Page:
"Blood On The Leaves" brings the socially conscious part of the album back, if not in Kanye's lyrics, which are about relationships, but in the Nina Simone sample. This isn't the first time on the album where Kanye compares or couples something non-political and seemingly inconsequential beyond his life with political or social content, but this is the place where it works best. The production continues to be epic and most of the songs on the album to this point could easily be part of a soundtrack for a large-budget movie that combines violence and strong emotion, like "Black Hawk Down." That's a compliment. The songs sound good enough that they'd be a great compliment to a scene about life and death.

"Guilt Trip" is far from the best song on the album, but the Chewbacca reference is probably the best line on the album. The song itself is a bit of filler, but it isn't harmed by the Kid Cudi interlude at the end.

"Send It Up" is the best use of guests on the album. King Louie is pretty good, but Beenie Man's outro is one of the emotional high points of the album. The noisiness of the backing track is perfect.

"Bound 2" is another song where the lyrics are pretty pointless, like many of Kanye's previous albums. But sound-wise it's the first song on the album that has a hopeful sound and it's a bit of a palate-cleanser that you need after the hardcore noise and darkness of the rest of the album's sounds (and that's not to downplay how powerful those tracks are, just stating that factually).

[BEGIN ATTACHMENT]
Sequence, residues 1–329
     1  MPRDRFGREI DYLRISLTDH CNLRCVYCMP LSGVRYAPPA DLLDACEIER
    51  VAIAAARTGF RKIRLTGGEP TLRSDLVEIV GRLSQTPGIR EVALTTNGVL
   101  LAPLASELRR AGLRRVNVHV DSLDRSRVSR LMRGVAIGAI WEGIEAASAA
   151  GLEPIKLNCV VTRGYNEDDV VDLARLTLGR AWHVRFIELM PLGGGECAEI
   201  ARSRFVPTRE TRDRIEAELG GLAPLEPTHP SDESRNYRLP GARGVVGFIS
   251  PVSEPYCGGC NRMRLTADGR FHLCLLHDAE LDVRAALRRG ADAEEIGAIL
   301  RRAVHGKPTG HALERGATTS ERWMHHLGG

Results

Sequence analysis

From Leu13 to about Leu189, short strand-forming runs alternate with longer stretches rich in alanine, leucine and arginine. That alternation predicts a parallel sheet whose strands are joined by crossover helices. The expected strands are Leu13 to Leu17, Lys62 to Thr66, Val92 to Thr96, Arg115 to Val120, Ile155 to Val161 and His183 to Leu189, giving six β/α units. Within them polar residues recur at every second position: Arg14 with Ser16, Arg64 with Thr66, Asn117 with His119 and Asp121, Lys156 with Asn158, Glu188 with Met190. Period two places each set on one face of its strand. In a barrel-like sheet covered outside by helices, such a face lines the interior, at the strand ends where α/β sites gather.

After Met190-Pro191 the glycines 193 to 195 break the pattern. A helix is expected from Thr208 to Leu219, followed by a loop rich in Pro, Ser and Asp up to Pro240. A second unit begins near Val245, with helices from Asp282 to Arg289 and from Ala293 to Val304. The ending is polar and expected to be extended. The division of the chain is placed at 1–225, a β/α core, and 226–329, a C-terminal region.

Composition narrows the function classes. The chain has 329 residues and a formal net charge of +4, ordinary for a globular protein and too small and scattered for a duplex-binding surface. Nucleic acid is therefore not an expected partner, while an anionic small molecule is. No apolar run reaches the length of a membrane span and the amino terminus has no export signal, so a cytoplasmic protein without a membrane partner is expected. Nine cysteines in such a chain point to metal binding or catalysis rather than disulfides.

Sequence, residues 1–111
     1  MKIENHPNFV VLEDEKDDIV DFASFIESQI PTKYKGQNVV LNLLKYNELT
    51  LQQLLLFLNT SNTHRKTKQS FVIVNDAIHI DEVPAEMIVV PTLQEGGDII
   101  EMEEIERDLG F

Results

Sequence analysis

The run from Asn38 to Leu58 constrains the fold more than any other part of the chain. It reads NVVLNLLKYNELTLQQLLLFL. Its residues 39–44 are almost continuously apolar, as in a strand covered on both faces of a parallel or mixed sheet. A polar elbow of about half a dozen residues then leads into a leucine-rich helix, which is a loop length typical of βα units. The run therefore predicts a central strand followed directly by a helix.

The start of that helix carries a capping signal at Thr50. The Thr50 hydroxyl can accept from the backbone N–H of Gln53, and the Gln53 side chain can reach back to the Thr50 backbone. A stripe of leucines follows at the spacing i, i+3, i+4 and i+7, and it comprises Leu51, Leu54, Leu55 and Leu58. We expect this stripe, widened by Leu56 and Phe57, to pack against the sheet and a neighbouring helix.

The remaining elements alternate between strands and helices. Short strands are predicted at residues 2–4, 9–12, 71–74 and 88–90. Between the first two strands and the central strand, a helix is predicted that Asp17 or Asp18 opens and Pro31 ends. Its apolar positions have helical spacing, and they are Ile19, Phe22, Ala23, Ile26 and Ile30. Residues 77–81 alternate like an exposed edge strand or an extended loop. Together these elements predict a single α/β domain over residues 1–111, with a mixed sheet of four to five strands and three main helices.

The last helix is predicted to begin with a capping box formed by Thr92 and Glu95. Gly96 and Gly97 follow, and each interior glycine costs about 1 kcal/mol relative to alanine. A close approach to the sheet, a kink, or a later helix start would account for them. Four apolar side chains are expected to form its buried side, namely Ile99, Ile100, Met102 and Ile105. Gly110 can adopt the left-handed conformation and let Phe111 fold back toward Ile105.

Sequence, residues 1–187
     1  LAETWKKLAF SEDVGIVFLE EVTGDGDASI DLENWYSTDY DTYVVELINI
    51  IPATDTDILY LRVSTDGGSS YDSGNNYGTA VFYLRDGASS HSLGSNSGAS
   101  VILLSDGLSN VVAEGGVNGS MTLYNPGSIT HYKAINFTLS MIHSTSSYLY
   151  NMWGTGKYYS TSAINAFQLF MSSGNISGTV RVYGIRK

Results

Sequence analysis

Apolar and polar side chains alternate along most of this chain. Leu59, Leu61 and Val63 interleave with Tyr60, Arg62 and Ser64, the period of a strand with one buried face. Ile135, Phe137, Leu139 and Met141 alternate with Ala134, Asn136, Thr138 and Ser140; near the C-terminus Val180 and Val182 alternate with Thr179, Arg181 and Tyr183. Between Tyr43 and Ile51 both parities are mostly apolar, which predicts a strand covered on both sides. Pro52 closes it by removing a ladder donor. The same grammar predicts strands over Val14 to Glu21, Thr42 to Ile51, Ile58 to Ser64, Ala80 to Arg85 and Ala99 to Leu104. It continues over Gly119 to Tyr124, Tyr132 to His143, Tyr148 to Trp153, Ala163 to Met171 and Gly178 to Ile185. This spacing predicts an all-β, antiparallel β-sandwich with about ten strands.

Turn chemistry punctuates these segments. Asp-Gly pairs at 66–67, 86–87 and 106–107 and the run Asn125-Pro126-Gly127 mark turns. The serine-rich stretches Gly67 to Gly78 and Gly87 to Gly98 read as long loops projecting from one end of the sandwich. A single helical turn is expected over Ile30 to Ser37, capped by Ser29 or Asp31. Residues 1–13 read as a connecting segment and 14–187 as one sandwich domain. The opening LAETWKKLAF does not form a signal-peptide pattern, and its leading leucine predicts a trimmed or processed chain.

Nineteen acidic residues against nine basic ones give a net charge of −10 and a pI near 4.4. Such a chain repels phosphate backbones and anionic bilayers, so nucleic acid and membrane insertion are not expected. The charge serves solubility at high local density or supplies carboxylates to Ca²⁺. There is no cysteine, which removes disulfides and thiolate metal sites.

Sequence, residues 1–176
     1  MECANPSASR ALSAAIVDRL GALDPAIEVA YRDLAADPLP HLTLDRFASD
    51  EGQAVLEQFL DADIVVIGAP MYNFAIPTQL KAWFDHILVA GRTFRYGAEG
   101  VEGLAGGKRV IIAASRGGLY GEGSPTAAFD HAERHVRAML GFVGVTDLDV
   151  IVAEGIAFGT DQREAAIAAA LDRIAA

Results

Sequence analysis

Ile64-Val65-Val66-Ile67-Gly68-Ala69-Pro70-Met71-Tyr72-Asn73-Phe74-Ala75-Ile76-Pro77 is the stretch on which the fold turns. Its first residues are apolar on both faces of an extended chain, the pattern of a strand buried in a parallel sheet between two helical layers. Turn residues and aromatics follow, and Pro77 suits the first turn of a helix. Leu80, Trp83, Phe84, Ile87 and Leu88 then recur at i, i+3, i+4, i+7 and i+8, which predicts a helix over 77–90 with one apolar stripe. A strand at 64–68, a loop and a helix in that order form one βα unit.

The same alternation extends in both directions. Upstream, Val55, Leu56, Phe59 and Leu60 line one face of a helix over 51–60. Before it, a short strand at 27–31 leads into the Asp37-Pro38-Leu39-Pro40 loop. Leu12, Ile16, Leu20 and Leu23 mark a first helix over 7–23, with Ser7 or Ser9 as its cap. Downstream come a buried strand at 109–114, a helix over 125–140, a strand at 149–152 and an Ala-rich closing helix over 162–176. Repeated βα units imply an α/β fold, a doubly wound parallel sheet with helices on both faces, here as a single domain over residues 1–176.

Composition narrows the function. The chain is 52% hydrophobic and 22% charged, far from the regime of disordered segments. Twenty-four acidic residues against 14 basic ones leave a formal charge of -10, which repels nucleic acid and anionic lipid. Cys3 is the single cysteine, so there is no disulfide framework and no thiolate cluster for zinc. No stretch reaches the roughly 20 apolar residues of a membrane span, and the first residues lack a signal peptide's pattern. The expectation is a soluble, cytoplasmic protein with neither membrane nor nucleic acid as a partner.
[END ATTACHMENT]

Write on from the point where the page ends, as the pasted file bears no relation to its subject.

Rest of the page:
Overall Analysis

Flow: 8. Kanye has never had the best flow in the world, but he does keep getting better. This is the best he's done and on songs like "Black Skinhead" and "New Slaves," he's damned-near perfect and totally original.

Lyrics: 7. This may be the best collection of lyrics that Kanye has written, another thing that is not his strong point. There are a lot of clever turns of phrase on these songs and

Message: 8. While the message is a little messy at times and a sense of humor is largely absent except in spots here and there, the important messages are not lost. There are few better explanations of the reality of institutional racism than "New Slaves." Much of the rest of the album is the same message that Kanye always sends: I like getting laid, I'm awesome, I'm rich, I work harder than you do, my critics are stupid, etc., but there are enough touches of serious thoughts throughout the album to make you not worry too much about the repetitiveness of the messages from earlier records.